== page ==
Maker Spotlight: Dinosaur Hampton
They don't make chain-stitch embroidery machines anymore; they haven't in decades. So when we met Benjamin Kelly, founder of Dinosaur Hampton, and heard that he tracked down a vintage machine and proceeded to spend months teaching himself how to use it to create a brand that's rooted in a handmade craft, we knew we had to work with him.
This Saturday, November 11, Dinosaur Hampton is popping up to do custom embroideries in-store and to kick off an ongoing collaboration capsule with Hazel & Rose.
Dinosaur Hampton will be in Hazel & Rose from noon-4pm on Saturday, November 11. Shoppers can either purchase or bring their own items to be embroidered, and our first capsule collaboration of five Dinosaur Hampton x Hazel & Rose items will be available while supplies last.
We spent some time chatting with Benjamin to learn more about Dinosaur Hampton. Benjamin has had quite the creative run, working across multiple fields as a musician, composer, writer, producer, actor, business owner, and now, designer. He's a truly delightful person, and his enthusiasm is contagious.
Emma Olson: I have to ask - where did the name come from?
Benjamin Kelly: Dinosaur Hampton comes from band name logic, which is just two words that sound good together. I've been in enough bands in my life to know that most people get hung up on trying to come up with the right name, and then they inevitably stop making music, and I wanted to just fast-track that whole process, and make something that just sounded cool.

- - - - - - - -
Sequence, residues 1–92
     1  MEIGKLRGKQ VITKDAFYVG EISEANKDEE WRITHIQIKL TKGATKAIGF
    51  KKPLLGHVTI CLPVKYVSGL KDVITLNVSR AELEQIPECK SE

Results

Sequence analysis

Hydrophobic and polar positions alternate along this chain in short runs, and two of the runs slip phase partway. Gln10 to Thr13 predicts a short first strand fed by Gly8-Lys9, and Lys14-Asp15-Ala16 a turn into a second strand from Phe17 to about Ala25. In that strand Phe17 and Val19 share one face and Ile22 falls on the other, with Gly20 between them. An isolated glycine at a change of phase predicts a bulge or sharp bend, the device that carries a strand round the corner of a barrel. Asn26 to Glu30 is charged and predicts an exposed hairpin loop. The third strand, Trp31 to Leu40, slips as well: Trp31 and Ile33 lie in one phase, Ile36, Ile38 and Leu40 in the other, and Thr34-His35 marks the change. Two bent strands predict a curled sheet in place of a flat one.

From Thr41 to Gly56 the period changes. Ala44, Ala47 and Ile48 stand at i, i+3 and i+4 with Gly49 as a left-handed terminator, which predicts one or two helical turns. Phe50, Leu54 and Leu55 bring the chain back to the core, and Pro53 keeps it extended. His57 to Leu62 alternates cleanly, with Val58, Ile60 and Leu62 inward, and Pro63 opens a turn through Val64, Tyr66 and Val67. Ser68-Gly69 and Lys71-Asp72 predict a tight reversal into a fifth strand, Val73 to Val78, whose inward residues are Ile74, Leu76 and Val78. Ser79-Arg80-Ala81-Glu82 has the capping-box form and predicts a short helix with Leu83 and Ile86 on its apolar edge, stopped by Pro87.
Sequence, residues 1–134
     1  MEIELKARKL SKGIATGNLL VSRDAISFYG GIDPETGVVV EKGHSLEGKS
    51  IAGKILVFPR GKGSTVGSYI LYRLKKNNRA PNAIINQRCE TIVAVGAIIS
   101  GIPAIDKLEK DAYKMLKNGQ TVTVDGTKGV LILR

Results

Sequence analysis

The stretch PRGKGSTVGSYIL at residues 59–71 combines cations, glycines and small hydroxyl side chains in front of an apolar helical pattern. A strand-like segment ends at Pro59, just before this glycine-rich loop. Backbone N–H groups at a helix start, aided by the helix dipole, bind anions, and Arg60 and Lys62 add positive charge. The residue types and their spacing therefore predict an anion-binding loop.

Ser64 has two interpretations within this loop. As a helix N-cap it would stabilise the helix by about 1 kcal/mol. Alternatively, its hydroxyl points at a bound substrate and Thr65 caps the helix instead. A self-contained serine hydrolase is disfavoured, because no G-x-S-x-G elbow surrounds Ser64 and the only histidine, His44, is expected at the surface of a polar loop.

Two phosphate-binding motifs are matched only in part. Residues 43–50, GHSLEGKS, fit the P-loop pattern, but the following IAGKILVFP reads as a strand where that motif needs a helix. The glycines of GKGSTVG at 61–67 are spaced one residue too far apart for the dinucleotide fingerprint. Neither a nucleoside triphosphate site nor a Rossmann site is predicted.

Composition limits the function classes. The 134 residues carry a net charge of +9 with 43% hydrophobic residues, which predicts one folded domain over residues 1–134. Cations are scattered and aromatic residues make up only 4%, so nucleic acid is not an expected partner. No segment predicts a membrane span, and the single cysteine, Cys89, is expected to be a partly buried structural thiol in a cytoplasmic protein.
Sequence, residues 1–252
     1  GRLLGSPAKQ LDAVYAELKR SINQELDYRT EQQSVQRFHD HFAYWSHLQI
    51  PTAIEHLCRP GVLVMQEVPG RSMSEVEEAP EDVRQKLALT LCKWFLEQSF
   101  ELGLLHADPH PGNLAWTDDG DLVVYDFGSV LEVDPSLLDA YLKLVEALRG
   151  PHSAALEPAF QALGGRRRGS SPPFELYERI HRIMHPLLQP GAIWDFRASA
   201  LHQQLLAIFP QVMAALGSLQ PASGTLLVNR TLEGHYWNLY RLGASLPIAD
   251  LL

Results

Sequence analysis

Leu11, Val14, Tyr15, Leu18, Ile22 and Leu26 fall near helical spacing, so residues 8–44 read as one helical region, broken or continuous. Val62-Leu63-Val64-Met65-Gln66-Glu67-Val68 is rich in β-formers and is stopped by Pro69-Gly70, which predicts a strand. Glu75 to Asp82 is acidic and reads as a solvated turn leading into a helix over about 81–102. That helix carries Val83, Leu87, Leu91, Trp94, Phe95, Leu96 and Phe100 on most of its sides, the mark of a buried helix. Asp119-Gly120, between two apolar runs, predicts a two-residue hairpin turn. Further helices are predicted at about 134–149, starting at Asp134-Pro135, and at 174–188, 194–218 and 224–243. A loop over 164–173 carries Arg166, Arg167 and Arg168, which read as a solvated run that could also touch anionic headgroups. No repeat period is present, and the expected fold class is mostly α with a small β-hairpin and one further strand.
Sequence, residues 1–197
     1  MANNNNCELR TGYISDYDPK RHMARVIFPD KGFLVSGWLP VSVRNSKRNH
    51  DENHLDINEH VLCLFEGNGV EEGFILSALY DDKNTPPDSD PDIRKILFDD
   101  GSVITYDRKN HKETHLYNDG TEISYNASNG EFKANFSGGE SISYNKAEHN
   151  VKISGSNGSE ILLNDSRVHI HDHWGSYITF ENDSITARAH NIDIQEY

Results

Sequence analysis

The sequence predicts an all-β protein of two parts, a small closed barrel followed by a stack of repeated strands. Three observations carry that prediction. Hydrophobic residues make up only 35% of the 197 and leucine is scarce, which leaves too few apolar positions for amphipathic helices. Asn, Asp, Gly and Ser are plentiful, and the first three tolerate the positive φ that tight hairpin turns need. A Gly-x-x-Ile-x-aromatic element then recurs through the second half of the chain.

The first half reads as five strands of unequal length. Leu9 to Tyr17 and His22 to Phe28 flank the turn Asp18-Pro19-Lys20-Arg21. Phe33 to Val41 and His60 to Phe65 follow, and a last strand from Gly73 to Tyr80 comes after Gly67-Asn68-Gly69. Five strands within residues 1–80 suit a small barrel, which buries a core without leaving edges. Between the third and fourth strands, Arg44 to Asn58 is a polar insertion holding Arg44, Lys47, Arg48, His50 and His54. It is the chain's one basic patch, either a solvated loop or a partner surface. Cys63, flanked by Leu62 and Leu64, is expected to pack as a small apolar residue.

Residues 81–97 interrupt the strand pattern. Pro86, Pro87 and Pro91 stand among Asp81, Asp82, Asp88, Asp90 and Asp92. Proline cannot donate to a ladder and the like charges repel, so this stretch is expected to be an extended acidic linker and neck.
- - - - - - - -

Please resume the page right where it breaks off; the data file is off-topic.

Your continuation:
A responsible name would have been my name, Benjamin Kelly Garments, or something like that, which is an OK name, but it was just no fun. And so I wanted to create something that sounded kind of like a band. It actually kind of was a band, and I took it from my invisible band... Dinosaur Hampton is a band, it's a place, it's a person, and essentially it's nothing yet, until I start it.
I feel like Dinosaur Hampton is that cool dude - guy or gal - who's just kicking it and just confident with their style. And maybe that's not what they were born - their name - but they're just, they're chilling.
"A responsible name would have been my name, Benjamin Kelly Garments, or something like that, which is an OK name, but it was just no fun."
EO: What inspired you to create Dinosaur Hampton, a vintage-inspired embroidery brand?
BK: I come from a music background, which inspired me to be creative in any way that I could. I've always been obsessed with clothes. I met the people from Hackwith, and it was the first time I had seen clothes get made, and it blew my mind. I was like, "of course"!
And so I wanted to make clothes. I started trying to teach myself to make clothes, which was very difficult. Through that research, I learned what a chain-stitch embroidery machine was. I saw it online, someone using it, and I was like, "amazing! Where do you get those?", and realized that those were very, very hard to find. After losing a few eBay auctions or Craigslist buys and missing out on some machines, I saw one pop up in North Carolina. I did the "Buy It Now", and I drove down and bought it, or drove down and picked it up, and brought it back.
It's just this amazing, original art form that was created as such a fundamental piece for military coats, or if you worked at the gas station, or the Western Nudie suits. And a way to ornament things in a really efficient way, but it's still done by hand, and so it's this incredible middle ground of, sort of, innovation and technology that, to me, creates a beauty. There's a natural humanism in a chain stitch embroidery effect that is not, cannot be, recreated by a digital embroidery machine or even by, like, hand-stitching. It's it's own, it's own color.